At the just-concluded Anheuser-Busch distributor convention, their new top marketing guy joined the CEO in bragging about the online views Budweiser's puppy and Bud Light's "up for whatever" SuperBowl commercials generated. Over 60 million in all. And then, given the brewer's continuing largely lackluster brand trends, he pleaded for patience from the audience.
So, how long will it take before Budweiser's social-media clicking turns into bar-call making?
Based on the evidence, probably never.
Not long after the SuperBowl, the monitoring service, BrandIndex, documented precisely what the Budweiser puppy ad achieved. And more important, what it failed to achieve. We printed their data then, and we re-print it here. (Perhaps the Bud guys missed it.)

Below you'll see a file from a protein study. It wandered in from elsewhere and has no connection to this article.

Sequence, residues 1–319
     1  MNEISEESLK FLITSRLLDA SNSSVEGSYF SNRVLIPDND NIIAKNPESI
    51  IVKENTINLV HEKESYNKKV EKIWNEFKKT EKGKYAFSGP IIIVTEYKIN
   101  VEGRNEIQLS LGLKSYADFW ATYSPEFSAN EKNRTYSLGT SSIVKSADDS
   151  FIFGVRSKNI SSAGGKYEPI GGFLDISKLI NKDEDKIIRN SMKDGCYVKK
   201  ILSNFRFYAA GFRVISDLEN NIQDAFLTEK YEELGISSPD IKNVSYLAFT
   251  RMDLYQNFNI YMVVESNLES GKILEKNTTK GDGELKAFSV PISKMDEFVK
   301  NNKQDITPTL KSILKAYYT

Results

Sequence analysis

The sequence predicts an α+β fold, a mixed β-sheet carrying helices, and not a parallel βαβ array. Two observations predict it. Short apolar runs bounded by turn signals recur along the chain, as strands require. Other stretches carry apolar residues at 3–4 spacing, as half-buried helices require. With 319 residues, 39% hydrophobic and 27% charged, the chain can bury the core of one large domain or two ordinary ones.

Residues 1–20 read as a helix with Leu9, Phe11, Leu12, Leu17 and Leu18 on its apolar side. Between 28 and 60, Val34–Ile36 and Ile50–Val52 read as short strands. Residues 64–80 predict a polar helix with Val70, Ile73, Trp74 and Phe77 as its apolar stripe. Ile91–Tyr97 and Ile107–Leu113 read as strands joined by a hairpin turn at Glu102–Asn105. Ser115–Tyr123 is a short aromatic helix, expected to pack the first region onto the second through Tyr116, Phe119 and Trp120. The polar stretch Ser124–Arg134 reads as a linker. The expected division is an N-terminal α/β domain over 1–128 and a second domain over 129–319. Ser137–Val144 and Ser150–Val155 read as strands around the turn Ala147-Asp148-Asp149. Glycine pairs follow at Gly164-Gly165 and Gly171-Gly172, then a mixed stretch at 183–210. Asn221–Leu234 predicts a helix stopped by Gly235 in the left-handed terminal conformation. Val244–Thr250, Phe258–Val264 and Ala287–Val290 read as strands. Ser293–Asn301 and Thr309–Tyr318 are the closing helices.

To be sure, the level of "buzz" was historic.
How craft beers convert buzz into biz.
The primary communications medium behind the remarkable growth of the vast majority of craft beers is social-- online and mobile. The emerging craft brewers couldn't afford to spend a cent on the expensive media Big Beer dominates. So, they developed their own powerful, and far cheaper, social-media expertise. How? They discovered and exploited the distinction between the social medium, and the social message.
It's simple, but profound: The beer comes first in nearly all the craft-beer buzz. Unlike Budweiser, there are no puppies, no Arnold Schwarzenegger ping-pong. Virtually all craft-beer social marketing centers on facts about the beer: how it's made, where it's available and featured, how it tastes. The beer is the entertainment.
Without a change in Big Beer's message, patience is no virtue.